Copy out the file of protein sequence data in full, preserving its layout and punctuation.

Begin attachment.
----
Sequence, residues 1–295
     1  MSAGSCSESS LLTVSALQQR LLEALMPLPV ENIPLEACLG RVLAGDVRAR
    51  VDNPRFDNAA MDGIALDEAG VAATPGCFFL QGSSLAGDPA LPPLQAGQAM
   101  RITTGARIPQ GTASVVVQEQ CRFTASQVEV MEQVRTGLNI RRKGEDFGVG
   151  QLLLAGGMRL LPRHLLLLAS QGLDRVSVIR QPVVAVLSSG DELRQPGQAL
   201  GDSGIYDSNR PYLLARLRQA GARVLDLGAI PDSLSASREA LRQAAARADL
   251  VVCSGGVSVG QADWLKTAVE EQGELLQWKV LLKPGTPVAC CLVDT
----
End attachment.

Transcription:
Sequence, residues 1–295
     1  MSAGSCSESS LLTVSALQQR LLEALMPLPV ENIPLEACLG RVLAGDVRAR
    51  VDNPRFDNAA MDGIALDEAG VAATPGCFFL QGSSLAGDPA LPPLQAGQAM
   101  RITTGARIPQ GTASVVVQEQ CRFTASQVEV MEQVRTGLNI RRKGEDFGVG
   151  QLLLAGGMRL LPRHLLLLAS QGLDRVSVIR QPVVAVLSSG DELRQPGQAL
   201  GDSGIYDSNR PYLLARLRQA GARVLDLGAI PDSLSASREA LRQAAARADL
   251  VVCSGGVSVG QADWLKTAVE EQGELLQWKV LLKPGTPVAC CLVDT